Search: Search
User  Name:   
Join Free
Simone Development
What is Remember My ID  
Fairfield County Medical Association
Newspaper In Education
State News
Vendor News
Calendar of Events
Trade Shows
Career Section
Resource Directory
Contact Us
Jump to Story
Please enter the story number in the box obove you would like to immediately access
Online Subscription Form
Media Kit
Web Hosting Hospital Newspaper
New York
Therapeutic Hypothermia For Cardiac Arrest Patients: Improving Patient Outcome
Story Number is : 030809134
MediSys Health Network

Cardiac arrest is a medical condition that requires immediate care. While it can be fatal, CPR and defibrillation can restore an individual’s heartbeat and increase their chances of recovery. Still, those successfully resuscitated often suffer some degree of brain injury which can lead to severe disability or death. In an effort to improve the neurological outcomes of resuscitated patients, the MediSys Health Network is participating in a FDNY initiative called “NYC Project Hypothermia.”

As part of the project, Brookdale, Flushing, and Jamaica Hospital Medical Centers—which make up the MediSys Health Network—will follow protocol to induce hypothermia (lower body temperature) in patients who survive cardiac arrest and show evidence of brain injury.

“When a person is in cardiac arrest, not only do they lose heart function during that time, but they lose blood to their brain as well,” explained Dr. Lewis Marshall, Chairman of Emergency Medicine at Brookdale Hospital. “The purpose of cooling these patients is to help maintain their brain function.”

“In essence, cooling places the brain in “hibernation.” It slows down brain function and decreases the brain’s need for oxygen. This gives the brain a chance to recover,” added Dr. Geoffrey Doughlin, Chairman of Emergency Medicine at Jamaica Hospital.

Therapeutic hypothermia involves three phases:
• Cooling phase. Hypothermia is induced within 4 hours of patient’s arrival in the emergency room. There are a variety of cooling techniques, either external or internal, that are used in combination with chilled intravenous fluids for inducing hypothermia. Examples of cooling techniques include ice packs, cooling mattresses, cooling catheters, and ice cold IV saline.
• Maintenance phase. Once cooled to between 32-33 C, patients are maintained in a hypothermic state and closely monitored for 24 hours. During this time, physicians watch for and treat potential complications, such as shivering.
• Re-warming phase. Over the next 16 hours patients are slowly re-warmed to 37 C, normal body temperature.

Throughout the cooling process, patients are also administered all other post arrest treatments.

While the therapy has proven to be very beneficial, not all cardiac arrest patients meet the criteria for therapeutic hypothermia. Patients must be successfully resuscitated within 30 minutes after their arrest and should present evidence of potential brain malfunction. They must also be older than 18 years old.

“Resuscitating cardiac patients is important, however, our goal with this project is to get patients back to normal functioning,” said Dr. Robert Crupi, Chairman of Emergency Medicine at Flushing Hospital. “There’s good evidence-based medicine demonstrating the benefits of hypothermia in protecting the brain after cardiac arrest.”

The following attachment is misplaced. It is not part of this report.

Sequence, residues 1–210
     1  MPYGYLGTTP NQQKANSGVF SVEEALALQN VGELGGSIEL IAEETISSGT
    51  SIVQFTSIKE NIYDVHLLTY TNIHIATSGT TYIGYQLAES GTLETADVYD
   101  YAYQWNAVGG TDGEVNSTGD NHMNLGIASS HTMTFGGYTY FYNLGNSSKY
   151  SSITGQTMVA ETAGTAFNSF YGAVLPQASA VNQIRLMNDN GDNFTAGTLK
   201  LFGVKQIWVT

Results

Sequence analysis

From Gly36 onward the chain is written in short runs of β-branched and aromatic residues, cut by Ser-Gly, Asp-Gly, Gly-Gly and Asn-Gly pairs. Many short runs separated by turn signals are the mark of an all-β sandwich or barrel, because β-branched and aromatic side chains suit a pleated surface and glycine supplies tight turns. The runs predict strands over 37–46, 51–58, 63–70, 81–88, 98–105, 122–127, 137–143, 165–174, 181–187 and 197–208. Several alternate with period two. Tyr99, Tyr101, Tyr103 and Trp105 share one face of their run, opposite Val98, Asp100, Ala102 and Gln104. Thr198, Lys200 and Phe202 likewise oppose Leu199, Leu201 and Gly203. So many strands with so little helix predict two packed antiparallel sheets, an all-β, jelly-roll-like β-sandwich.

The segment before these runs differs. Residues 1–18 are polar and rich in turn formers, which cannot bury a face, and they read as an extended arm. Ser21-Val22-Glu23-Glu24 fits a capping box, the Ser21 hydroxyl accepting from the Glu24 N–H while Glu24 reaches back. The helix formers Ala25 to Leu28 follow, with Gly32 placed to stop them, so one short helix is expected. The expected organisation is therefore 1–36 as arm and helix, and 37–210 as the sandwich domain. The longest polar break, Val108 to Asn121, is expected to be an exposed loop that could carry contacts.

Studies, conducted in Melbourne, Australia, established that cooling patients 32-24 C for 12 hours following arrest increased the likelihood of favorable neurological outcome. Several similar studies throughout Europe reported the same findings, adding that cooling patients also decreased mortality. These studies are the basis for the therapeutic protocol being implemented by the hospitals involved NYC Project Hypothermia.
Along with the FDNY, the American Heart Association and the International Liaison Committee on Resuscitation now recommends using therapeutic hypothermia for unconscious patients with spontaneous circulation after cardiac arrest.
MediSys Health Network is the not-for-profit parent organization of the following hospitals— Jamaica Hospital Medical Center, Brookdale University Hospital and Medical Center, Flushing Hospital Medical Center—as well as the Trump Pavilion for Nursing and Rehabilitation, the Schulman Schachne Institute for Nursing and Rehabilitation, the James and Sarah Brady Institute for Traumatic Brain Injury, the Advanced Center for Psychotherapy and a network of 20 neighborhood-based family healthcare centers. The MediSys Health Network has over 8,000 employees and boasts three state designated Stroke Centers, one of only 4 Centers for Bioterriorism Preparedness in New York City, two Level 1 Trauma Centers, and TJH Medical Services, the 8th largest physician group in New York. For additional information, please contact Public Affairs at 719-206-6020.

More News From This State
Career Section click here
Long Term Care Directory
Health Spaces
Career Section click here
Career Section click here
Hospital Newspaper
Advertise Here
Hospital Newspaper Columns
Advertise Here
Hospital Newspaper
Advertise Here